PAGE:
1896: William Jennings Bryan was called “a megalomaniac and a classic degenerate.” William Howard Taft was called “a fathead with the brains of a guinea pig” by Teddy Roosevelt.

Probably the most famous smear between presidential candidates never happened. Thomas Jefferson never called John Adams a hermaphrodite. But wait…

1800: In our earliest campaigns, the candidates did not campaign directly but employed surrogates. This included partisan newspaper editors. According to David McCullough’s biography of Adams, James Callender established a newspaper, the Richmond Examiner, and published pro-Jefferson, anti-Adams articles. Many were scathing indictments. While Jefferson was “an ornament to human nature,” Adams was “a repulsive pedant…gross hypocrite…egregious fool.”

Finally, Callender’s crowning achievement: He wrote Adams was “that strange compound of ignorance and ferocity, of deceit and weakness, a hideous, hermaphroditical character which has neither the force and firmness of a man, nor the gentleness and sensibility of a woman.”

In retaliation Adams’ people called Jefferson a “Godless atheist,” and “the son of a half-breed Indian squaw.” But Adams’ most effective strategy was to merely spread the rumor that Jefferson was dead so no use voting for him.

None of this is limited to our founding fathers or 19th-century presidential politics.

Edmund Muskie.
Edmund Muskie.

1972: Democratic Senator Edmund Muskie of Maine was the projected winner but voters began receiving phone calls late at night or early in the morning from rude voices that claimed Blacks were being bussed in from Harlem to work for Muskie.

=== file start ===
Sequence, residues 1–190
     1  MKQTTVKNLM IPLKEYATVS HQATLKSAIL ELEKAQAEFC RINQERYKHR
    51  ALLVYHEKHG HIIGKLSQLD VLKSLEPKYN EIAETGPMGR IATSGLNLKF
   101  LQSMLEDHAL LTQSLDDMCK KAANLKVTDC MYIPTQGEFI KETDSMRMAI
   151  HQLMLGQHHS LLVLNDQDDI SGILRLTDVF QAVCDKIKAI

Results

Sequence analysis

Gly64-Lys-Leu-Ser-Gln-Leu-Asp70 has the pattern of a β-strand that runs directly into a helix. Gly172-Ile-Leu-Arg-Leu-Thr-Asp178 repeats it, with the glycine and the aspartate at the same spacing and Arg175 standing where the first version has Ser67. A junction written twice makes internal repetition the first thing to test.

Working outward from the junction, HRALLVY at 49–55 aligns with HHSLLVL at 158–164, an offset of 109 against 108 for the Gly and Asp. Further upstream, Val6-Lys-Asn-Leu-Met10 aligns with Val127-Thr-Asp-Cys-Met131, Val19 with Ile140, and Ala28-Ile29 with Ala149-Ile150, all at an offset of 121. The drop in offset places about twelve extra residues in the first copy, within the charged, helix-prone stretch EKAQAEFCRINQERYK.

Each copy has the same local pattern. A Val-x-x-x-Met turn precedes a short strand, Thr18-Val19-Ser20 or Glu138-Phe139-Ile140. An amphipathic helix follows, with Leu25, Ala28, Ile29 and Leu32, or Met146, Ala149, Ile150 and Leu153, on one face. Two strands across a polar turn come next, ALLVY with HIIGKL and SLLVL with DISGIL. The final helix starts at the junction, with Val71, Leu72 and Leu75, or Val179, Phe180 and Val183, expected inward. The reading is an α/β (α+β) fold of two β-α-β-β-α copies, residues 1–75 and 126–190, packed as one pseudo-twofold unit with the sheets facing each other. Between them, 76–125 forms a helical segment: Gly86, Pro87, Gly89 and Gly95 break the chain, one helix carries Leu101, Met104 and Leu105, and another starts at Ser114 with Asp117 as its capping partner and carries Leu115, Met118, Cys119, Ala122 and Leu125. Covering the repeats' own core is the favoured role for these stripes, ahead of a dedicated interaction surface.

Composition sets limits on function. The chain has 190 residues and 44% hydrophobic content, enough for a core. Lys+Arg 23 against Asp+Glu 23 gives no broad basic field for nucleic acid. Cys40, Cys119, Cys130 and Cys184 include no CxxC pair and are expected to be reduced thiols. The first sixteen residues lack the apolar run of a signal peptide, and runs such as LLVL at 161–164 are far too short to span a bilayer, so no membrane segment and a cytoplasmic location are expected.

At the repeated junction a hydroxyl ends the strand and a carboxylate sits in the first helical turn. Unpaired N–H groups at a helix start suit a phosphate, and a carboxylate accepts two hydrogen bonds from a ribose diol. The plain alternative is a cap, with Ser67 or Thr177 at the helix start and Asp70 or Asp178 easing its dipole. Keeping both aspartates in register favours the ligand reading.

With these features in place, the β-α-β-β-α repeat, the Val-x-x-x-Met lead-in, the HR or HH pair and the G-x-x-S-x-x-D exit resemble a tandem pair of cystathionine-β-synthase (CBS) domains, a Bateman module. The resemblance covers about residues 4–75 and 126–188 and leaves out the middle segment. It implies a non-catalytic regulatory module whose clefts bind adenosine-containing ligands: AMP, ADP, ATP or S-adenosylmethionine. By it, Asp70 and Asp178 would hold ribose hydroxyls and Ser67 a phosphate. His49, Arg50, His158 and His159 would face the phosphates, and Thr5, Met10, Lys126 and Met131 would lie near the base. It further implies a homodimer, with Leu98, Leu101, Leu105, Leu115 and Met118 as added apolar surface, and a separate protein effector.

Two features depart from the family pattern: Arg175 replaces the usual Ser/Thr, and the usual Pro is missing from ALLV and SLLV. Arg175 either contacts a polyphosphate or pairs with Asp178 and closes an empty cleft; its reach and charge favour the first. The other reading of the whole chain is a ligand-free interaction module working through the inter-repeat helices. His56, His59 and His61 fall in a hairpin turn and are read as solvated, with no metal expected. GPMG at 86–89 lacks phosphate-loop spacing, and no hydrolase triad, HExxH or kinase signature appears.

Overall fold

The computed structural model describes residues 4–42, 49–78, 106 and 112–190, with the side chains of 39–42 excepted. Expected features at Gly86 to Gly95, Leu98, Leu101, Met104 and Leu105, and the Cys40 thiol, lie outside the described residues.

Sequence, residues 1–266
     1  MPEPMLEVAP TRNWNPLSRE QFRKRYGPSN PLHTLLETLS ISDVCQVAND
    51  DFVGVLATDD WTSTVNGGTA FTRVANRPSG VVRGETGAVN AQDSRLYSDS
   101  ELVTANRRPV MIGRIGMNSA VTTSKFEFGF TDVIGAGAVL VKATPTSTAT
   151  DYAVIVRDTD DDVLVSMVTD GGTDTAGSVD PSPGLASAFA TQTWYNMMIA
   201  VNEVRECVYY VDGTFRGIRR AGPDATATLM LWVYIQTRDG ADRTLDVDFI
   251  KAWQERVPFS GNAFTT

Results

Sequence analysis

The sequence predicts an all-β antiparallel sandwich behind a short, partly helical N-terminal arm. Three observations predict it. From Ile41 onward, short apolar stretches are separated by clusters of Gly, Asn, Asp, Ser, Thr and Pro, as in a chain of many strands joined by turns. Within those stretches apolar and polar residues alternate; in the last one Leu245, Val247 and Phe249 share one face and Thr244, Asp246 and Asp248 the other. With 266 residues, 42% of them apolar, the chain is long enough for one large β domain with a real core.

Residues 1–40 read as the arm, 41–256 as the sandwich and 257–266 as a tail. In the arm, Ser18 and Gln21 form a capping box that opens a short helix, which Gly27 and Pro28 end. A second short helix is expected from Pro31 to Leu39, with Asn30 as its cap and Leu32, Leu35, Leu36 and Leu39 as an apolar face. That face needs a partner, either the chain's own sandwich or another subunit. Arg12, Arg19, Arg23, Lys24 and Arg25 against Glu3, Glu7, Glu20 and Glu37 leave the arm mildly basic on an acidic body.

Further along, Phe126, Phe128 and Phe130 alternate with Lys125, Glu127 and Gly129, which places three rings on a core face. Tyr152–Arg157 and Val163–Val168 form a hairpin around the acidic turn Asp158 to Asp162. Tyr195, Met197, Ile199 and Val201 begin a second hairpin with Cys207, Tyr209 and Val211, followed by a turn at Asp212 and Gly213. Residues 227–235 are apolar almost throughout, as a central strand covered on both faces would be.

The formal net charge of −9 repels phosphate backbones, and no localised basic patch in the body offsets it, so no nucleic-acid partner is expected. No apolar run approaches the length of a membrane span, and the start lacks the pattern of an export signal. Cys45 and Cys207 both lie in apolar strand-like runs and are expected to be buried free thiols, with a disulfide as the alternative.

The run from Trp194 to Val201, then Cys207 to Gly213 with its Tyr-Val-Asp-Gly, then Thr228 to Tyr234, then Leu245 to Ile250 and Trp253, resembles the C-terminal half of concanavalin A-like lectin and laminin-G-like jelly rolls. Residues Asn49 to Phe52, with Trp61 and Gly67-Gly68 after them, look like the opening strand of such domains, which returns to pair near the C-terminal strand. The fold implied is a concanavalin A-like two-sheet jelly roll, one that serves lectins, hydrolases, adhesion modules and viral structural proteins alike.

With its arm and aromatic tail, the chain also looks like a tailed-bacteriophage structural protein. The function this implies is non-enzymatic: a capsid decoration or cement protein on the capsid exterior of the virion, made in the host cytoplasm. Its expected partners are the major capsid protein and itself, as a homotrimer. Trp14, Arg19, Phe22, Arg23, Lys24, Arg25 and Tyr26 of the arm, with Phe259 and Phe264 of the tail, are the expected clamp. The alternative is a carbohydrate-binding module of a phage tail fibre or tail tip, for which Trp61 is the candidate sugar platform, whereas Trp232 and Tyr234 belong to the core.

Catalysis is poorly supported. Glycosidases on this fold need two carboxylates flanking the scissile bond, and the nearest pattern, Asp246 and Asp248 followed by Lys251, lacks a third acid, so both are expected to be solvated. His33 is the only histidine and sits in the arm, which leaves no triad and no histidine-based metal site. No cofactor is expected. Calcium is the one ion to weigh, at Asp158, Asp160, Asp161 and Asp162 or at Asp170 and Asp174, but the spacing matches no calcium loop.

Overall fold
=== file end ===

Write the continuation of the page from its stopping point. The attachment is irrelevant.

The conservative editor of the Manchester Union Leader, William Loeb, published a letter, purportedly written by an ordinary citizen, that accused Muskie of using the word “Canuck” to refer to French Canadians.

During the Florida primary, a letter on Muskie campaign stationery was circulated stating that fellow candidate Hubert Humphrey had been arrested for drunk driving in 1967. Other letters on Muskie stationery claimed that prominent Democratic senator and presidential hopeful Henry “Scoop” Jackson had fathered a child with a 17-year-old girl (since both stories were completely fabricated, the faked letters were intended to reflect badly on Muskie).

In defending himself against this and other slurs, Muskie, standing outdoors before microphones and cameras, did lose his cool – was said to cry — many voters wondered if he was able to handle pressure. Muskie was finished as a candidate.

In the alternative we might just stick to policy goals without mention of the opponent. For example: “The budget should be balanced, the treasury should be refilled, public debt should be reduced, the arrogance of officialdom should be tempered and controlled, and the assistance to foreign lands should be curtailed, lest Rome will become bankrupt. People must again learn to work instead of living on public assistance.”

Sadly, that was Cicero running for office in Rome in 55 B.C.E.: This is the USA more than 2,000 years later. Principles, reason, and policies don’t stand a chance against snappy character assassination, juicy alliteration, and fear mongering. What will the American public do? See through it, rise above it, vote intelligently? We’ll see. Because it is too much to hope that the candidates rather than the voters will be rendered speechless.